A New Way of Working

15 March 2023

E kore e taea e te whenua kōtahi ki te rarangi te whāriki. Kia mōhio ai tātou ki a tātou ma te mahi tahi o ngā whenua ma te mahi tahi o ngā kairaranga ka oti tenei mahi.

I te otinga me tītiro tātou ki ngā mea pai ka puta mai. A tana wa, me tītiro hoki ki ngā raranga i mākere nā te mea, he kōrero anō kei reira.

The tapestry of understanding cannot be created by one strand alone. It is only by the weaving together of the strands and of the weavers that such a tapestry can be completed.

And when it is completed, let us look at the good that comes from it. And let us also look at the dropped stitches, where there is also a message.

Home-Based Treatment in Te Tai Tokerau


Northland DHB, NDHB is implementing a Home-Based Treatment HBT model of support for Tangata Whaiora ( service users) who are experiencing mental health and or addiction challenges in Te Tai Tokerau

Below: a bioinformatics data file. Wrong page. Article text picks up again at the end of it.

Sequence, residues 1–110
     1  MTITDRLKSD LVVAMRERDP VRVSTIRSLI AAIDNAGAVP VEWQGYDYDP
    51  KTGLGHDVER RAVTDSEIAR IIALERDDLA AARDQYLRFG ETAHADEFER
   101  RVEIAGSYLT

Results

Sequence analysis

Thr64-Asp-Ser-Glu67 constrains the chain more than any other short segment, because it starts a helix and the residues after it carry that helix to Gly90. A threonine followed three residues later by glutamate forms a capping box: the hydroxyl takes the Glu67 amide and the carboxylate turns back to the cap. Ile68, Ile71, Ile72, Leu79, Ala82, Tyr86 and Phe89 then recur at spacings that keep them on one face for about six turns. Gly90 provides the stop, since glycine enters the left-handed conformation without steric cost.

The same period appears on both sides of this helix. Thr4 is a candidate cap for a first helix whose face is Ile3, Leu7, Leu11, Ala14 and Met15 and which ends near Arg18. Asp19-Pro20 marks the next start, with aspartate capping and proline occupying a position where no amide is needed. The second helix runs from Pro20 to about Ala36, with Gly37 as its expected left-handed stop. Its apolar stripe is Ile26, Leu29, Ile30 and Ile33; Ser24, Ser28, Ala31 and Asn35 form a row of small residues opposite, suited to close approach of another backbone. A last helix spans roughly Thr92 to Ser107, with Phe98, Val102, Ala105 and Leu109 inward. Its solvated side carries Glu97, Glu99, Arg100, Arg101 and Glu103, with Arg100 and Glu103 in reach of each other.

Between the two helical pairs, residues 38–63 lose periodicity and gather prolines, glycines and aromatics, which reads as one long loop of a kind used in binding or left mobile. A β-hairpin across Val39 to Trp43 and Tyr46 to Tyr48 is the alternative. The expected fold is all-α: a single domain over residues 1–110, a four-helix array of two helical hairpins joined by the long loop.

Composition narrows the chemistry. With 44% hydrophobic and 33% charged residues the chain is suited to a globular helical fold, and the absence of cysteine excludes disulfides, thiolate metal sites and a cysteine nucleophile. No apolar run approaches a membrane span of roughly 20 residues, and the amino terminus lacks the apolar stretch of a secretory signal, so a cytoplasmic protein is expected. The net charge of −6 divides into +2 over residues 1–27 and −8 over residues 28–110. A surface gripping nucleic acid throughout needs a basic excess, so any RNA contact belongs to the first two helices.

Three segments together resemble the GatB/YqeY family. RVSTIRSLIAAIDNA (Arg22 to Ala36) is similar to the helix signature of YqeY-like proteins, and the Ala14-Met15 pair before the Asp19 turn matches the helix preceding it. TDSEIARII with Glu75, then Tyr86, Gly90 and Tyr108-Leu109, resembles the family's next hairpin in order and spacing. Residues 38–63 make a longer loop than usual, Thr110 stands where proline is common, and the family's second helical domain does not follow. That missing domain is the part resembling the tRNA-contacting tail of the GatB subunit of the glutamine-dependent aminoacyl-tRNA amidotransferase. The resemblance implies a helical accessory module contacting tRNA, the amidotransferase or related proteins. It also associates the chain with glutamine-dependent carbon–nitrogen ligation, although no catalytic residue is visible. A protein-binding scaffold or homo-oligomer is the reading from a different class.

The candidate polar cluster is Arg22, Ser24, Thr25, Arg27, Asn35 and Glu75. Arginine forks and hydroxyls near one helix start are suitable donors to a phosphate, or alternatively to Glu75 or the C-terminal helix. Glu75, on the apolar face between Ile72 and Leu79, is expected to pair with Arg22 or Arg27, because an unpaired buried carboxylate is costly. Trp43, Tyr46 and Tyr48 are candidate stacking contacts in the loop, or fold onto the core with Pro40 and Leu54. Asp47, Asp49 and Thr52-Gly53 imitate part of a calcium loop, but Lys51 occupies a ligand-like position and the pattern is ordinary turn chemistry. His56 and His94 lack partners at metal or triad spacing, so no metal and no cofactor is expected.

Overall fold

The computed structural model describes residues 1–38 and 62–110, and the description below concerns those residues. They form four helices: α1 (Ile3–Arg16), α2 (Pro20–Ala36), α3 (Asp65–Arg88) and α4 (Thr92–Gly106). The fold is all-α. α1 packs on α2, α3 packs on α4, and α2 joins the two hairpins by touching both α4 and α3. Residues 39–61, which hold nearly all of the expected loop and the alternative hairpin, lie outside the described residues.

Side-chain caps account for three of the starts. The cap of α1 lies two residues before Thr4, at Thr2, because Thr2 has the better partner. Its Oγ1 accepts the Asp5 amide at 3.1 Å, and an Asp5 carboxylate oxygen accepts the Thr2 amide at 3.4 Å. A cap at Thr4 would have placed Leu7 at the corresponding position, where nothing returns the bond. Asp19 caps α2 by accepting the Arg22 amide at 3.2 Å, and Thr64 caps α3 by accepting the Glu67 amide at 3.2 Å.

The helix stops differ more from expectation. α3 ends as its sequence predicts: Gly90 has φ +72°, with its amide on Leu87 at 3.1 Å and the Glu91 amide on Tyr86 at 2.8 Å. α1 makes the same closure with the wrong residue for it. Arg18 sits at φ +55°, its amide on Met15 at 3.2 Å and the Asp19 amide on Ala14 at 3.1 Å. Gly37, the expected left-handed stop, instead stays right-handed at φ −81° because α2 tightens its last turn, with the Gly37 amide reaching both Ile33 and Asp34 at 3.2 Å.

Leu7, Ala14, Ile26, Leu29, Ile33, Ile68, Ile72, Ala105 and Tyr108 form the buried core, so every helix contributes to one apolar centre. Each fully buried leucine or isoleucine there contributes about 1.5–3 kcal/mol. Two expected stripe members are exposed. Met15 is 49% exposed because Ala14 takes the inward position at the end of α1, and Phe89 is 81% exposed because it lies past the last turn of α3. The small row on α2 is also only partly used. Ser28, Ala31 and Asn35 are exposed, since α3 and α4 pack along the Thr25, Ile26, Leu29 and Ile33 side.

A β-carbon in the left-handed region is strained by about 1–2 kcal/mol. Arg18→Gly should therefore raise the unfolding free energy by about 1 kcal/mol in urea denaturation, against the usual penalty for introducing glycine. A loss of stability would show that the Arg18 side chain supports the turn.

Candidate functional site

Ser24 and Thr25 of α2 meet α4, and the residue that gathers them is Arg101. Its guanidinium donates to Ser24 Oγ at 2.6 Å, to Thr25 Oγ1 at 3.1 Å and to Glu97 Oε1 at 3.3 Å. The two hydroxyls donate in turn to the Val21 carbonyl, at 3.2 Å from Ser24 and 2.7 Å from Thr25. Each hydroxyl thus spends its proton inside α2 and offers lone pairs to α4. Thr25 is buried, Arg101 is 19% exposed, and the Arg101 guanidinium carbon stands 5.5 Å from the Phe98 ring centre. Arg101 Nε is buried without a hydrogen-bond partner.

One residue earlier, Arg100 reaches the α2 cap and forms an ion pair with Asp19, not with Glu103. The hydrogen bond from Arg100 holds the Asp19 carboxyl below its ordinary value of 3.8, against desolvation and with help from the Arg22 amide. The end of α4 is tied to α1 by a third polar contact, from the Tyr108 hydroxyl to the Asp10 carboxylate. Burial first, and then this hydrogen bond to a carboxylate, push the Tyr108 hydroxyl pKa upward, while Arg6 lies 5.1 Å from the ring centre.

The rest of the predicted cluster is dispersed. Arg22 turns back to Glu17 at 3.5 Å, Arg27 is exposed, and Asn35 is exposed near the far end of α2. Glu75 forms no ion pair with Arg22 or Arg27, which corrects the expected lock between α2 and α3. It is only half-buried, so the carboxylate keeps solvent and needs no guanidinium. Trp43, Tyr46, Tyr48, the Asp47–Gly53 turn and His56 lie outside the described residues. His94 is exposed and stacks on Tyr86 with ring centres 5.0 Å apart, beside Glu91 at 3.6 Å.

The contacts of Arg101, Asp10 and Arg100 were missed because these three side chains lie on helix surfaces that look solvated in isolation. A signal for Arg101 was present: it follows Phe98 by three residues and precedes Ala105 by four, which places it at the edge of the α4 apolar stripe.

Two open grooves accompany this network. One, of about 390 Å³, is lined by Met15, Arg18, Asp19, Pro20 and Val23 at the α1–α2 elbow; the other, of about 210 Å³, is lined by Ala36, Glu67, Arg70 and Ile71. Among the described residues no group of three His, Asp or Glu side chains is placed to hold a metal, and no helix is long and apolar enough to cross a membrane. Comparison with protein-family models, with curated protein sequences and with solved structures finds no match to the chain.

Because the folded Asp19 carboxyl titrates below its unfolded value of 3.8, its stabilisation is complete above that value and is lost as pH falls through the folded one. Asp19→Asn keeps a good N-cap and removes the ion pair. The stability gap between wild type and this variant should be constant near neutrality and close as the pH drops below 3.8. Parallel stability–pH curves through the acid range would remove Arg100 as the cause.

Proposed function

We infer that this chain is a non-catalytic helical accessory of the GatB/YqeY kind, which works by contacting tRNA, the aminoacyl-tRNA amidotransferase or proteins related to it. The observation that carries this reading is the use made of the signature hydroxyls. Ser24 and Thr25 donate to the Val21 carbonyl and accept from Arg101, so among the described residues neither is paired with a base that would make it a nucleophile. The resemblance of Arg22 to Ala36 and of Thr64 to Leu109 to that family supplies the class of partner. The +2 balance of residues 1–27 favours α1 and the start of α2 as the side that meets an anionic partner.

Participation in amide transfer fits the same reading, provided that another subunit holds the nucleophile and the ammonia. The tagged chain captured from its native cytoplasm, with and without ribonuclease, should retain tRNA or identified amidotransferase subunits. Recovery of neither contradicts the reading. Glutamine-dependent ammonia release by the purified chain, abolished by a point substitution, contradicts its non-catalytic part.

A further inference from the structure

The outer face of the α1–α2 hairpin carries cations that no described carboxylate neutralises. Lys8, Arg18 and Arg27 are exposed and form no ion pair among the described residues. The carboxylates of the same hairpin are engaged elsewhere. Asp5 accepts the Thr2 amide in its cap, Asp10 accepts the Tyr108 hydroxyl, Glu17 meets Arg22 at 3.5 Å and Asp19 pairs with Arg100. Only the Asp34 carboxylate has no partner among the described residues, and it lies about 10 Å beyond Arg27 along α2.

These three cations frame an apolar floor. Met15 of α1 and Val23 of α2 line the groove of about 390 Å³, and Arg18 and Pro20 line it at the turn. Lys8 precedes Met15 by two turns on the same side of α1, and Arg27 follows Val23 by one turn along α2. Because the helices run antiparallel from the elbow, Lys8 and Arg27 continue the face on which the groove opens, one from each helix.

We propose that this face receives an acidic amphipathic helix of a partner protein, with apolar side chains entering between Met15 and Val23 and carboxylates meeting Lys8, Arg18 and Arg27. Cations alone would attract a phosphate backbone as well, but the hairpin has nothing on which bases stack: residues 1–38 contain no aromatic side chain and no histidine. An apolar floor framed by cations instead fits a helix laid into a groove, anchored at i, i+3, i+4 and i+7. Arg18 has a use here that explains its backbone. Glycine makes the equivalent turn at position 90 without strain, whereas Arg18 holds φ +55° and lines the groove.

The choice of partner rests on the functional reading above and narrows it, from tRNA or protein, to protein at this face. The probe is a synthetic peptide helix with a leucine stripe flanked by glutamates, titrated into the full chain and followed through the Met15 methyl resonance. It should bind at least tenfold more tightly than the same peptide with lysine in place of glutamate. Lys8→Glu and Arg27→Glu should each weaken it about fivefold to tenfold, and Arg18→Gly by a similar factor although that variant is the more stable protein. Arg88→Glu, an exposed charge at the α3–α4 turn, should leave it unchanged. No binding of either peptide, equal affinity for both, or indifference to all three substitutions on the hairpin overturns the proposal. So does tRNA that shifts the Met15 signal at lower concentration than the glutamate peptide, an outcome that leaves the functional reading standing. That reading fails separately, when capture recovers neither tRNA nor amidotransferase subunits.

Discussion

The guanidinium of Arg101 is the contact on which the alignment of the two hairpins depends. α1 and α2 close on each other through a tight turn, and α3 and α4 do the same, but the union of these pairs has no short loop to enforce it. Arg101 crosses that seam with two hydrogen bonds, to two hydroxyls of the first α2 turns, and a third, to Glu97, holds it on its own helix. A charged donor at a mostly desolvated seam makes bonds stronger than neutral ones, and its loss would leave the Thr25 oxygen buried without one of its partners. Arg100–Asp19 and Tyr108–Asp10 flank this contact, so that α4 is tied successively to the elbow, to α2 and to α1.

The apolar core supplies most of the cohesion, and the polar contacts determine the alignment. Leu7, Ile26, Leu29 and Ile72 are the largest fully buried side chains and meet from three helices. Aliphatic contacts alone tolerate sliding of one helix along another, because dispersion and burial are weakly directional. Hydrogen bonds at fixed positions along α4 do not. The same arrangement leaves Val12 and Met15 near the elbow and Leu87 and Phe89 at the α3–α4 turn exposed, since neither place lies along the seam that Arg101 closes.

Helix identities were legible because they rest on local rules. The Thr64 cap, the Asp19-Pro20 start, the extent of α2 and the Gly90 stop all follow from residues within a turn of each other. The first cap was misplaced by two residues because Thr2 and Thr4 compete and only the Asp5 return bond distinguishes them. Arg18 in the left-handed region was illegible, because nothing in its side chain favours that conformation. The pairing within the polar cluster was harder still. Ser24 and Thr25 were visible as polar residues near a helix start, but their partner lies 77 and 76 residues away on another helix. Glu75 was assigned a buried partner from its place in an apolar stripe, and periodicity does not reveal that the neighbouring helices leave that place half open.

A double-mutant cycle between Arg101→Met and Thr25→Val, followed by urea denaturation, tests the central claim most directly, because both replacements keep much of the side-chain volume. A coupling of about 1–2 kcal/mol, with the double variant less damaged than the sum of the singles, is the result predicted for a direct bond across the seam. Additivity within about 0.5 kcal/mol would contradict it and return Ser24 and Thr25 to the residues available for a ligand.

HBT is a widely used model in New Zealand and around the world. It utilises a range of treatment options and intensive supports delivered

  • within the homes of Tangata Whaiora or
  • in another homelike environment ( situated away from the hospital campus)

Working over a 12-hour day, seven days a week a mix of clinical, cultural and support staff spend long periods with Tangata Whaiora / service user and their Whanau/family, building rélationships and providing a range of clinical, cultural, and practical activities that support Tangata Whaiora with their recovery.

Emphasis is placed on working with Tangata Whaiora and their whanau, to build skills, provide tools to nurture resilience and educate about the challenges that have brought about the need for intervention and supporting a recovery journey.